We spent a good chunk of the weekend watching and loving and rewatching My Entire High School Sinking Into the Sea, the new animated film from celebrated comics artist Dash Shaw (see full review). The tale of a high school that quite literally sinks into the sea, the film is the culmination of nearly seven years of work from Shaw and his wife Jane Samborski and is one of the most delightfully bizarre and brilliant things we've ever seen. Obviously, we called the guy. (Alex De Vore)
Would you say the movie is based on your own life or experiences?
The joke was that it's kind of combining the two opposing schools of comics from when I was a teenager. The majority of comics in the '90s were the autobio comics, like Crumb, and I loved those comics. At the opposite end of the spectrum were the boy's adventure or superhero comics. The joke was that it would be an autobio comic, but clearly warped into a boy's adventure world where it has an extremely unreliable narrator. It was a joke, but also I was on the school newspaper and I had friends like those friends. So parts of it are real—I think I was kind of mean in the way that teenagers are mean, but I made [the main character] meaner because it seems like that was a part of it ... (I was) the person who would decide to make a movie where they're the hero.
The film is in your style, but also other people obviously worked on it. How much did you draw or animate?
A whole lot. It was primarily made by Jane Samborski and myself in our apartment. We're married, and we drew most of it in our kitchen. It was a very small operation. The script was written in 2010, but I feel like if I say 'six years,' I'm exaggerating to make it sound more, ... I don't want to make it sound like it took longer than it did. Everything about the movie was based upon what I thought was possible with limited means. I thought about it like Evil Dead where the director has a cabin and a couple actors and it kind of gets by on its energy. The story is simple, it has a video game-like progression. The characters don't change clothes, so you don't have to worry about keeping track of outfit changes in different scenes. I thought the main joke or the dissonance in the movie is that it's a disaster movie, but they're still talking about high school stuff.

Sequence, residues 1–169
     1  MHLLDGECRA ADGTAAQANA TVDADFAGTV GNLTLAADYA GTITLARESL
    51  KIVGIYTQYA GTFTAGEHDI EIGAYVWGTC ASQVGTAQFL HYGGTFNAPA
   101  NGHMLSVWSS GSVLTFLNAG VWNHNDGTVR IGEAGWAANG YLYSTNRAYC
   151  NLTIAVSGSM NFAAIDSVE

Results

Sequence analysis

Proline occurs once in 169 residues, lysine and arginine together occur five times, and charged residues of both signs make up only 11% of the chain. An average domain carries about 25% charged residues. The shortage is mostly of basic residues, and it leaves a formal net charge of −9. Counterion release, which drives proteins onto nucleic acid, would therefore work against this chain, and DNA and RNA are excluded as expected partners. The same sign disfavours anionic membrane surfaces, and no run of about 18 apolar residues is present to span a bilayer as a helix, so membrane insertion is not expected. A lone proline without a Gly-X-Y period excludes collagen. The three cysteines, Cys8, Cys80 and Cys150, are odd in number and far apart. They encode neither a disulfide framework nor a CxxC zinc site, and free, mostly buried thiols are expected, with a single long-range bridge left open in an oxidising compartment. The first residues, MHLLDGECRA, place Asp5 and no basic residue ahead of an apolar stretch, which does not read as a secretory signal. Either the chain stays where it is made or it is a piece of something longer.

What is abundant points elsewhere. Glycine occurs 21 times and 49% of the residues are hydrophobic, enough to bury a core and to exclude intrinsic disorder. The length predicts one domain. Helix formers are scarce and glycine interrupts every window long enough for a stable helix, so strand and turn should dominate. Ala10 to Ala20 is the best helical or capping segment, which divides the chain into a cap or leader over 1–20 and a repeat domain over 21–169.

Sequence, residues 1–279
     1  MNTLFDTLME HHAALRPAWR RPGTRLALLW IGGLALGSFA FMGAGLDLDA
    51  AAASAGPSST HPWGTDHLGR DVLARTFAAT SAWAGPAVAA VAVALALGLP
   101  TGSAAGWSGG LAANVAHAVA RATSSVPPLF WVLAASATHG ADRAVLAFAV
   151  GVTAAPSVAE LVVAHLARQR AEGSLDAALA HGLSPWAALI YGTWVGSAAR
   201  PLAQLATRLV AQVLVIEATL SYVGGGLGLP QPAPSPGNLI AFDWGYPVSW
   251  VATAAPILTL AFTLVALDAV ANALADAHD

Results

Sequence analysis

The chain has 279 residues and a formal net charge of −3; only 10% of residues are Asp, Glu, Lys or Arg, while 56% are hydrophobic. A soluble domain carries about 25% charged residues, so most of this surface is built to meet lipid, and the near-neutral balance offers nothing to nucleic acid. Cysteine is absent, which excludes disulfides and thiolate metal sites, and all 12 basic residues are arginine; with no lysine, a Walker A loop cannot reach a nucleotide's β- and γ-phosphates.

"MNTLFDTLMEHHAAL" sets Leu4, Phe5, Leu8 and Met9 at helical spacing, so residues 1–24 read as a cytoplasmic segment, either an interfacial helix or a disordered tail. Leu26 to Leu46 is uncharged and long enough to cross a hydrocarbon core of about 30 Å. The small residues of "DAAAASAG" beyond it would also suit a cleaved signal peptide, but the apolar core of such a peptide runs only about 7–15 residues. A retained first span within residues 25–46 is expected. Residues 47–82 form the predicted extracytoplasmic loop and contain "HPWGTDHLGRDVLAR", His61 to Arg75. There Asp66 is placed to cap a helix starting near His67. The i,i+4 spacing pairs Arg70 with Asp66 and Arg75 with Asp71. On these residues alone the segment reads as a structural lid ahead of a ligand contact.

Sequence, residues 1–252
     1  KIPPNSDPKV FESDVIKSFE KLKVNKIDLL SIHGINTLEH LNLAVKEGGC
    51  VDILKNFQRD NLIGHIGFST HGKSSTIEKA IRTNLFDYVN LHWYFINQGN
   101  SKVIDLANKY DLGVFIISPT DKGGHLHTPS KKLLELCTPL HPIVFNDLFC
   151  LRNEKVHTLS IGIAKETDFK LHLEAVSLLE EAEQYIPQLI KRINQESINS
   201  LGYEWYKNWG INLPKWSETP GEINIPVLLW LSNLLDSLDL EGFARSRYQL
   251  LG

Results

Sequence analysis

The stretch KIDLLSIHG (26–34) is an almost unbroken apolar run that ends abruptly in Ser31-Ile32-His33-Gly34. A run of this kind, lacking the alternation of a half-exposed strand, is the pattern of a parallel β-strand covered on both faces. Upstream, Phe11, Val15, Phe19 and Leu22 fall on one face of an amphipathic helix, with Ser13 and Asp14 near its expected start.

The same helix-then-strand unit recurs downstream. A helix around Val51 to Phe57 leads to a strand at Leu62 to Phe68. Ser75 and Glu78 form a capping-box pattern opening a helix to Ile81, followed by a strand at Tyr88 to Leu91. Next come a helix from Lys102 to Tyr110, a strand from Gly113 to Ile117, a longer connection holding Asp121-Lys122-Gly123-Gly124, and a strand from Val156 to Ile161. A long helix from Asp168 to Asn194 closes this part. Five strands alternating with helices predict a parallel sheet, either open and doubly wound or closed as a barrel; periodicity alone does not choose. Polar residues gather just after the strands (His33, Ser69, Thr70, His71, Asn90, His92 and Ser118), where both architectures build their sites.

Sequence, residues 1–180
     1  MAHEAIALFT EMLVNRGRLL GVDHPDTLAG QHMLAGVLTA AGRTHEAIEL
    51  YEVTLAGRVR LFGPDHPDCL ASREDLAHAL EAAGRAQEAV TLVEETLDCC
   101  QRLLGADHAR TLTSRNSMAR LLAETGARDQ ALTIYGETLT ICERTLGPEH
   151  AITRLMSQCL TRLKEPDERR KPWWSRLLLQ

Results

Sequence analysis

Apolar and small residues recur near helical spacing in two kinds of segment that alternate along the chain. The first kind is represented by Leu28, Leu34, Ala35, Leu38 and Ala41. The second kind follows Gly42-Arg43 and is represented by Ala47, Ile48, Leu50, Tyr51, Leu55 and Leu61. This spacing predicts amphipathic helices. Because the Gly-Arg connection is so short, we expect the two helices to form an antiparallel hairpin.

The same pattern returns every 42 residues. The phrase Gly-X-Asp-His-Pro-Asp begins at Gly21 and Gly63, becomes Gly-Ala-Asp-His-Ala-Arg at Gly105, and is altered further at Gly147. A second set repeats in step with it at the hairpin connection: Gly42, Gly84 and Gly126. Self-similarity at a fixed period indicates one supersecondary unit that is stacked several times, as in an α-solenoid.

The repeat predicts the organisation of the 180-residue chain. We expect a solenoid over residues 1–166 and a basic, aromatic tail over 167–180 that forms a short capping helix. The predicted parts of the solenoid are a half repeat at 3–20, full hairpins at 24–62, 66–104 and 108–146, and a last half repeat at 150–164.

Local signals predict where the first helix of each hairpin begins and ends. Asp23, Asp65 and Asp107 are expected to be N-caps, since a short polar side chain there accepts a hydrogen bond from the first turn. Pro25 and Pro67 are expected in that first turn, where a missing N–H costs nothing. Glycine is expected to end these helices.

Do you think that creative types or outcasts will find solace or inspiration in a film like this?
Well, that sounds nice. I guess that would be nice. I When I look at it, it feels like one of those movies that was very meaningful to me at a young age, like when I saw Ralph Bakshi's Wizards. Maybe 'anti-establishment' is too strong a word, but it has, at least, a contrarian sensibility. I didn't try to think of an audience, I didn't play-test it for people and try to think of an audience. When it was finishing I thought, 'This feels like a movie I would have really liked at a young age if I had come across it.' I hope 16-year-old nerdy kids who are into art will find it.